These arrangements have varying degrees of vulnerability and commitment, but each seeks an independent togetherness.

Captive Hook. Hook-up relationships often begin and end with a sex-without-strings mentality. No self-sacrifice required. Despite this obvious pseudo-relationship arrangement, somehow hook-up relationships have been defined by American culture as legitimate relationships. They aren’t. They are no-cost, shallow, empty-calorie thrills that have no nutritional value whatsoever. More to my point here, people who engage in hook-ups rely on taking their clothes off to keep them from having to be emotionally naked. It’s a sort of “don’t ask, don’t tell” collusion between two people that ultimately leaves both of them hungry, malnourished, and for most part pathetically looking for the next hook-up high hoping that one day they will finally discover something nourishing.

Living Together. Somehow cohabitation—the half-way house to commitment—is now viewed as real commitment. (If so, why does the press make such a big deal of Hollywood cohabiting partners announcing that they’re finally getting married? Instinctively we know there’s something special about marriage that cohabitation doesn’t offer.) Many people intuitively know what a decade of research has confirmed—that cohabitation is light-beer marriage: it tastes great, but comes at a great cost—it is less filling. Even kids know this. Long-time cohabiting partners Brad Pitt and Angelina Jolie, who said they wouldn’t marry until everyone had the right to marry (referring to same-sex marriages), have decided to marry after seven years because their children pressured them to and questioned why they weren’t married. “We didn’t realize how much it means to them,” Pitt shared. “We didn’t realize how much it means to ourselves.”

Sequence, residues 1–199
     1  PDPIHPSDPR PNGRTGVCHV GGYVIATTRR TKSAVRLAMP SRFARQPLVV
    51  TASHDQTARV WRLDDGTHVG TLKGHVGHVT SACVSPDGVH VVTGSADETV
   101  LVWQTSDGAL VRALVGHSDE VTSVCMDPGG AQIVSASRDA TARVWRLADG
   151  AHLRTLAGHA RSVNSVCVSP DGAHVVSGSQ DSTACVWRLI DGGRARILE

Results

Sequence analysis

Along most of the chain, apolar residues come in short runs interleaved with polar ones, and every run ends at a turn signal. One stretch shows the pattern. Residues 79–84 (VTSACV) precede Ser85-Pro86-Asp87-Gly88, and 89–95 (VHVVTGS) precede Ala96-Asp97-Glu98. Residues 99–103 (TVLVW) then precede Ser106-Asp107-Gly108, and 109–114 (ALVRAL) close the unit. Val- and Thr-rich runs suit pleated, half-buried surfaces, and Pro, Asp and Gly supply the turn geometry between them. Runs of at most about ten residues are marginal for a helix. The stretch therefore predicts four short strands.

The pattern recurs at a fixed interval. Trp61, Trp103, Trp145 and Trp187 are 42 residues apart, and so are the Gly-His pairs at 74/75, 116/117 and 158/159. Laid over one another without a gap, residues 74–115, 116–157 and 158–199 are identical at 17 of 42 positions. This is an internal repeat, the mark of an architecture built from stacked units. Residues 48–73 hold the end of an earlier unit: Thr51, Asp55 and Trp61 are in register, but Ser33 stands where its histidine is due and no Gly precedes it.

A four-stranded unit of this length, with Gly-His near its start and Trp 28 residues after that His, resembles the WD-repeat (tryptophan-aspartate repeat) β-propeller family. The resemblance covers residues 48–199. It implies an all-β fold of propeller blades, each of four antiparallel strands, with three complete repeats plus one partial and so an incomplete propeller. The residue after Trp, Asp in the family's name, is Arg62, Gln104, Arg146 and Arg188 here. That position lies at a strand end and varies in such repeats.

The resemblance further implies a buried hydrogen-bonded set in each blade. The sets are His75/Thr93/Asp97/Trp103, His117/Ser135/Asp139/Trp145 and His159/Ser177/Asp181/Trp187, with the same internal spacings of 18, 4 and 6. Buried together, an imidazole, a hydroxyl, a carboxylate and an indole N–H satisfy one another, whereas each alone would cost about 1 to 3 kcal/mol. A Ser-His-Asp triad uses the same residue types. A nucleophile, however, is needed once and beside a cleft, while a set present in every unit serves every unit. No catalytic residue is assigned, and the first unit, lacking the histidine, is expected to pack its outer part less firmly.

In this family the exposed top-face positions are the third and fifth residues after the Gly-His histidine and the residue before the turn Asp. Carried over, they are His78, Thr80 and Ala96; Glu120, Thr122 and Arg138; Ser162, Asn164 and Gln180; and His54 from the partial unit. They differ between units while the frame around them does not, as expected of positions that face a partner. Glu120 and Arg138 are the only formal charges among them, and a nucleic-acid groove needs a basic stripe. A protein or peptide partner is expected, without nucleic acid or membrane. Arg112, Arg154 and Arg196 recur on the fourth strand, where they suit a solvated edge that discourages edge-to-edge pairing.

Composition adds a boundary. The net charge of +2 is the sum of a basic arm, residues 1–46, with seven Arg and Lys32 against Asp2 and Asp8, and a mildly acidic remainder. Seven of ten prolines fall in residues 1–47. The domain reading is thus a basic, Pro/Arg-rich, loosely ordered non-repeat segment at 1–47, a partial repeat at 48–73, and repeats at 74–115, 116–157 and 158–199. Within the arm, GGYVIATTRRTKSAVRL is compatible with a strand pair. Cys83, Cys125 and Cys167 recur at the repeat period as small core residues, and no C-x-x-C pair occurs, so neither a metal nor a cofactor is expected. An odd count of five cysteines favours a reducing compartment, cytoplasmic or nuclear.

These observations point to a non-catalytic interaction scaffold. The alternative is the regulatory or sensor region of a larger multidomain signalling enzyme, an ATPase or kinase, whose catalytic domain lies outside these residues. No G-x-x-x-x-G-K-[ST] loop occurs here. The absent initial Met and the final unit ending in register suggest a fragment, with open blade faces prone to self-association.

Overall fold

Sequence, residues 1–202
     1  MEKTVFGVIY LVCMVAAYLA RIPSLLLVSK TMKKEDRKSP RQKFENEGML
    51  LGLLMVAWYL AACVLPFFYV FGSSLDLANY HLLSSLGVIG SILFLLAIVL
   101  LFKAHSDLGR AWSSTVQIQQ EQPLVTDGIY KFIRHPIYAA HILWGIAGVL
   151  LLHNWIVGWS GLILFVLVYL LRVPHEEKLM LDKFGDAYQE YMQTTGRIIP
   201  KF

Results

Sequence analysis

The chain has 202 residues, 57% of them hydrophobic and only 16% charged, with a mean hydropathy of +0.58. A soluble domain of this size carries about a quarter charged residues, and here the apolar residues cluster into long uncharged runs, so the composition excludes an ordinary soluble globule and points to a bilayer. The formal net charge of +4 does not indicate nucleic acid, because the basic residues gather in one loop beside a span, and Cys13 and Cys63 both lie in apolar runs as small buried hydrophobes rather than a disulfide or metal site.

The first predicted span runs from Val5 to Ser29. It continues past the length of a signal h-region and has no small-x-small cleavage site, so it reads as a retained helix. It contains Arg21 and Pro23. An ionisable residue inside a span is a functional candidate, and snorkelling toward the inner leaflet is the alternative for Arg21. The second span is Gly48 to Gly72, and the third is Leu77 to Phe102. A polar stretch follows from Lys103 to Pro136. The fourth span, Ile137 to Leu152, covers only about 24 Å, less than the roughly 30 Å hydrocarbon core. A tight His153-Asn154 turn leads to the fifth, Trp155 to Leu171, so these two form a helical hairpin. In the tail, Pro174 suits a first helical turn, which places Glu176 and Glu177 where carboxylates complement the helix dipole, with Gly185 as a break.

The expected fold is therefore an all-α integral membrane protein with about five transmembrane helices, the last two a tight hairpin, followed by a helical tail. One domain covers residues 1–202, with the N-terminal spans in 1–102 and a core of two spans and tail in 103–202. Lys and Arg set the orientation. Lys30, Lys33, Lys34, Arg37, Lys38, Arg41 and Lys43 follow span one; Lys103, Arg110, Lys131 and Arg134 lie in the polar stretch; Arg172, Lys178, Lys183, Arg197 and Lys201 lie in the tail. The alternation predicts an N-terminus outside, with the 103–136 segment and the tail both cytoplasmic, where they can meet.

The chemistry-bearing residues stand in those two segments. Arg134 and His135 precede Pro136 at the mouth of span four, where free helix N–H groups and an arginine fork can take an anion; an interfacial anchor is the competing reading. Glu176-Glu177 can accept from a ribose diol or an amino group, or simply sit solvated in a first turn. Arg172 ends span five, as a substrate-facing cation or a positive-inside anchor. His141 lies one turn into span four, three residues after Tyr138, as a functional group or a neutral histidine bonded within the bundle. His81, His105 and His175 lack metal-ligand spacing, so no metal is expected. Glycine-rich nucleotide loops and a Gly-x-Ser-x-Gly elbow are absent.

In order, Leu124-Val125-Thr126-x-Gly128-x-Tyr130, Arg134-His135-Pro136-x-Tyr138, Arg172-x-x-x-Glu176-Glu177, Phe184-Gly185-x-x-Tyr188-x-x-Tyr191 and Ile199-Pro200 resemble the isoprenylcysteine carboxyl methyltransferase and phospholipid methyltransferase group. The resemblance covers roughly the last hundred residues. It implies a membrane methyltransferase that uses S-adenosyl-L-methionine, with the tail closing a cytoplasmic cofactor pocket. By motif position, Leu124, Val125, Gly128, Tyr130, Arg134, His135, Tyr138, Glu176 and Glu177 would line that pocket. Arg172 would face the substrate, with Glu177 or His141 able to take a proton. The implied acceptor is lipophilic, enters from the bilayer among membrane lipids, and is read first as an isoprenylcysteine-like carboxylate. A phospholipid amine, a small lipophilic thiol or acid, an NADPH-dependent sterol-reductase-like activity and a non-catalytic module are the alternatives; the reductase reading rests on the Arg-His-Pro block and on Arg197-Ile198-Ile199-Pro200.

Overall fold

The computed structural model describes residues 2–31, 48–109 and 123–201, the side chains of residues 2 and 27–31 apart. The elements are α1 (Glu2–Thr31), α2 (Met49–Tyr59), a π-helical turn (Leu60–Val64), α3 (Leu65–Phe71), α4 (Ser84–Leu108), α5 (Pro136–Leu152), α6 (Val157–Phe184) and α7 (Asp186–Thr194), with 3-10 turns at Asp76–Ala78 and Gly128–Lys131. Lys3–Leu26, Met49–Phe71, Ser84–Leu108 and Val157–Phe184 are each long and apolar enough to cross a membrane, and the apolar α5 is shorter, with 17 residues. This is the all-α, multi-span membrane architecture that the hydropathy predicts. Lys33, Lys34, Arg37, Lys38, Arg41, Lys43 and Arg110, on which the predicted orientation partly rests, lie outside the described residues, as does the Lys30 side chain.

Despite the popularity of cohabitation, and eagerness of pop culture to glamorize it, marriage is still the ultimate “you’ve arrived” relationship. And yet to many in our divorce fearful society, it is better to have “less filling” than more vulnerability to rejection, sadness, and heart-break. Really? I frequently tell cohabiting couples who justify their trial-marriage as a process to help them decide if a real marriage would work that trial-marriages have trial-commitments. You really don’t know how much you could love or what you would be willing to give (read risk), and therefore, how intimate your relationship could be unless both of you jump into the deep end of the commitment pool with both feet. Sitting on the side and dipping one toe into the water to test the temperature isn’t swimming!

I Stay, You Stay. A more recent trend on the rise is stayover relationships. This risk management strategy allows each person to maintain their separate residences to go home to if they choose, but typically one partner will stay over at the others a few nights a week or they may take turns. I think this is the half-way house to the  half-way house of cohabitation (which, if my math is correct, makes it about one-fourth of the way to commitment!). Again, another independent togetherness arrangement meant to protect the self-interests of each person and reduce their risk.

Married Without the Blend. Another recent trend among married blended family couples is maintaining separate residences even after marriage and not even attempting to “blend” the family. As one man asked me, “Most people only think there are two options: marry and blend or stay single and break up. Can’t there be an option C where couples marry but don’t try to merge their households until the children are older?” Merging households, children, parenting styles, traditions, etc., etc., is a significant adjustment for most blended families and brings a great deal of stress, but trying to avoid togetherness is not a solution. I would much prefer you just stayed single until the kids were launched from the home and then marry, than pretend like you’re blending.